Bypassing Pakistan

AuthorPublished: 7th Dec 2017  12:05 amUpdated: 7th Dec 2017  12:59 am

After successfully isolating Pakistan internationally on the issue of terrorism, India now has a huge opportunity to make Islamabad irrelevant in terms of promoting trade relations and infrastructure connectivity in the region. By developing a strategically important port in the Iranian city of Chabahar, India has demonstrated its capabilities and leadership to strengthen trade in the region without involving Pakistan. The Chabahar project, the first phase of which was recently inaugurated by Iranian President Hassan Rouhani in the presence of representatives from 17 countries, is a significant milestone in international cooperation and opens a new strategic transit route between Iran, India, Afghanistan and other land-locked Central Asian nations. It also signifies the growing convergence of interests among India, Iran and Afghanistan, much to the chagrin of Pakistan, which has consistently denied transit access to New Delhi to send goods through land route. The ‘Made by India’ Chabahar port is seen as a strategic response to China’s development of the Gwadar port in Pakistan, barely 100 km away, and its aggressive pursuit of the Belt and Road Initiative (BRI). It is also key to accessing the Central Asian markets for Indian goods. From now on, India need not rely on Pakistan to get access to Iran and Afghanistan. Under a tripartite deal, India has committed $500 million for the project to be fully operational by the end of 2018. The three countries have pledged to work towards integrated development of connectivity infrastructure, including ports, road and rail networks, to open up greater opportunities for regional market access and integration of their economies.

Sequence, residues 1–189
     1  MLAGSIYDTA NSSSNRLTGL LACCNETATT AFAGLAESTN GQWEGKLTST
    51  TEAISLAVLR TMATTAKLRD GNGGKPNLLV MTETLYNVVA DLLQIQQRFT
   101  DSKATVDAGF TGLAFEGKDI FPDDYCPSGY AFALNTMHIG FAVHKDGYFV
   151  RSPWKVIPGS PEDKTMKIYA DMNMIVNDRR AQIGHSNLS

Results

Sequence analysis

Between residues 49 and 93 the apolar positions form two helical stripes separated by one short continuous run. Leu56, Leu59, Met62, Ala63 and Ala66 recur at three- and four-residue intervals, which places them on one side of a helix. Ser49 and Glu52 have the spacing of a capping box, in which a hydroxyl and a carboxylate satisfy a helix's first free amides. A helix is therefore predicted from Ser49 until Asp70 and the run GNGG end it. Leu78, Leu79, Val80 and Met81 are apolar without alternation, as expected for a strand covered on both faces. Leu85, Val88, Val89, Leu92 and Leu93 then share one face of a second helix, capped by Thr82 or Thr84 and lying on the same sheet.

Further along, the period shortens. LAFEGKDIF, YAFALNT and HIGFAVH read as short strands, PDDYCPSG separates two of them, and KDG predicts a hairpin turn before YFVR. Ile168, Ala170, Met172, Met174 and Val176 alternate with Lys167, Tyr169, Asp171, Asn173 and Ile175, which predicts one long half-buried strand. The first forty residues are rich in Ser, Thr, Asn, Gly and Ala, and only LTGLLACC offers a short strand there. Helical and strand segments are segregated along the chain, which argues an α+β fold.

India has legitimate concerns over the China–Pakistan Economic Corridor (CPEC), a key component of the BRI, because it passes through Pakistan-occupied Kashmir (PoK). Beijing has brazenly disregarded sovereignty concerns expressed by New Delhi. It must be noted that the CPEC will dramatically alter the region’s demographic composition and reduce Gilgit-Baltistan to a tinderbox of ethnic and sectarian conflict with grave security consequences for the region. It is only by respecting the sovereignty of countries involved can any regional connectivity corridor fulfil its promise. The latest reports emanating from Pakistan suggest that China has suspended funding for some of the key road projects under the CPEC over corruption charges. Despite being an all-weather friend, China’s decision to stop funding has left Pakistani officials red-faced as the delay could adversely affect several road projects in the country. The development demonstrates that Islamabad is an unreliable and slippery customer even for its strategic allies. India now has an opportunity to use the Chabahar project as a launch pad to integrate it with the larger connectivity project — the International North South Transport Corridor — initiated in 2000 by Russia, India and Iran.